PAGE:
In many shows that might not be a big deal. But here it is, because Ionesco and musical revues each rely on a perfect balance to come across as ingratiating rather than grating — though the two styles are not always compatible. At their best, Ionesco’s plays conjure upon the stage wackadoo worlds that nonetheless adhere to a certain logic that you accept because you’re given no other choice, caught as you are in the stifling, even crushing ridiculousness that defines the pain of modern existence. Musicals tend to make a bit more outward sense and are more openly presentational; their reality is heightened in a different way, such that singing and dancing become the natural outgrowths of familiar feelings in (usually) familiar circumstances.
Moving between the two visions of theatricality is a challenge because Ionesco’s twirling-on-the-verge characters do not readily sing, and musicals’ characters’ recognizable lives are augmented by outside music and not some addiction to the unexpected made corporeal. Ionescopade, a hit during the 1970s, demands a constant oscillation between these attitudes: Mildred Kayden has scribed a clever collection of peppy songs that hint at, but don’t wallow in, Ionesco’s unique personality, and bridge the various snippets, scenes, and monologues lifted from the playwright’s work. (Robert Allan Ackerman originally conceived the show.) But if all the parts and the performers are not precisely aligned, they’ll tangle themselves into knots well before you tingle from the effect.
That’s what happens here. Nancy Anderson, Paul Binotto, David Edwards, Leo Ash Evens, Susan J. Jacks, and Tina Stafford are superb and rangy musical performers, who have no trouble plowing through the likes of gender-bending cabaret spot (“Everyone Is Like Me,” suggested by Jack or The Submission), a fable about dictatorial poultry (“Mother Peep,” inspired by The Killer), a broken-down ballad (“Madeleine,” woven together from Ionesco’s journals), the sultry “Fire” (adapted from The Bald Soprano), and many more. Their voices and footwork are so polished, and their personalities so carefully constructed and managed, that during the songs they easily summon the entertainment equivalent of Ionesco’s impossibilities — and delight, if never quite transport, you.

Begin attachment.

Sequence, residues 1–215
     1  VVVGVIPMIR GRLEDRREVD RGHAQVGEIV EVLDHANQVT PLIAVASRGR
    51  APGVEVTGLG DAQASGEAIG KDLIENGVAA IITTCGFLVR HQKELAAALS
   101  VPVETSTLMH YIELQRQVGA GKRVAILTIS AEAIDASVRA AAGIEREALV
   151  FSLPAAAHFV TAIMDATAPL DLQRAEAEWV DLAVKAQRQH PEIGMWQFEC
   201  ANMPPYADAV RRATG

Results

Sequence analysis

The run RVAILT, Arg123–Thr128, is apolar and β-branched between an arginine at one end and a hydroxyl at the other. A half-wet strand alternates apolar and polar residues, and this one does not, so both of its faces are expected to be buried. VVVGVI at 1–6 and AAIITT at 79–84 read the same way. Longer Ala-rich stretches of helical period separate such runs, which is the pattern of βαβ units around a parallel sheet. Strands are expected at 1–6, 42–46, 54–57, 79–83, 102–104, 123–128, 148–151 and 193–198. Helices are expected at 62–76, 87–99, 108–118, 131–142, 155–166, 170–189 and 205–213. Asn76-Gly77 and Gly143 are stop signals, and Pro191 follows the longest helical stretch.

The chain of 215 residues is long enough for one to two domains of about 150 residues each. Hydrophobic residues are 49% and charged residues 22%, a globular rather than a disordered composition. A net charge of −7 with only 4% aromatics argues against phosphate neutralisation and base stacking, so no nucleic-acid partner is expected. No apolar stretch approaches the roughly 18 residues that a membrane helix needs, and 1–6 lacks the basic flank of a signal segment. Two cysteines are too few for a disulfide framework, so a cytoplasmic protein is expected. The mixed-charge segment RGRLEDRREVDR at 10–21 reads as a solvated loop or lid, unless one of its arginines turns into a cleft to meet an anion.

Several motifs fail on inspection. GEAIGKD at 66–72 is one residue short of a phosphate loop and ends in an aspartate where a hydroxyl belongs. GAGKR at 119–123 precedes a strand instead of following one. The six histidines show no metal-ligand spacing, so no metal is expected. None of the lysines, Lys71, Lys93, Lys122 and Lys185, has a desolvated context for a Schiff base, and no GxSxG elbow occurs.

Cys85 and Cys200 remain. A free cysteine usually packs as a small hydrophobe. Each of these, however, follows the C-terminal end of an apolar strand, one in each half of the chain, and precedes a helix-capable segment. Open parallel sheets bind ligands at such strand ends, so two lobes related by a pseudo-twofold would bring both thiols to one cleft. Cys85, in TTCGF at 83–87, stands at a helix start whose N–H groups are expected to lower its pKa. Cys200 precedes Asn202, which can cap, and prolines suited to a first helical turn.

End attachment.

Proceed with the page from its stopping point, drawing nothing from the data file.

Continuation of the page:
But, sad to say, Castellino doesn't help the cast deliver the same goods once the music (bouncily conducted by Christopher McGovern) stops. With lengthy scenes either cobbled together from, or simply extracted from, Ionesco’s works, there’s at least as much to say as there is to sing, and that requires a more coordinated attack than has been plotted here. There’s no subtlety, no subtext, just piercing comedy and almost-comedy, which makes it a chore to sell (or sit through) unsettling vignettes from “The Cooking Lesson,” the groupthink parable “The Leader,” or Berenger’s chilling speech from The Killer. And in what should ideally be a comic showpiece, the everyone’s-to-blame three-way pile-up “The Peace Conference,” the timing is so off, the actors’ approaches so robotic, and the staging so muddled that few laughs and no shivers sneak through.
If not for Samuel Cohen, who plays an onstage Ionesco analogue known only as “The Little Man,” the non-sung portions would be a near-complete loss. But Cohen’s wino-inspired pantomime and magical way of introducing and playing out scenes is exactly in tune with the kind of sparkling unpredictability that this production needs more of. When he kicks up his feet, flails his hands, and throws a broad smile as he ushers you into a borderline-tragic reenactment of something or other, you feel exactly the appreciation, and apprehension, for nonsense Ionesco so embraced throughout his works.
A pleasing unit set by James Morgan and whimsical costumes by Nicole Wee guarantee that the production at least looks as vibrant as Cohen acts — and a bit of eye candy always helps sour pudding go down more smoothly. Ionesco knew that; in fact, it was often his raison de theatre. But without a more intimate relationship between the musical and non-musical portions of the evening, this version of Ionescopade is more a trial than a triumph.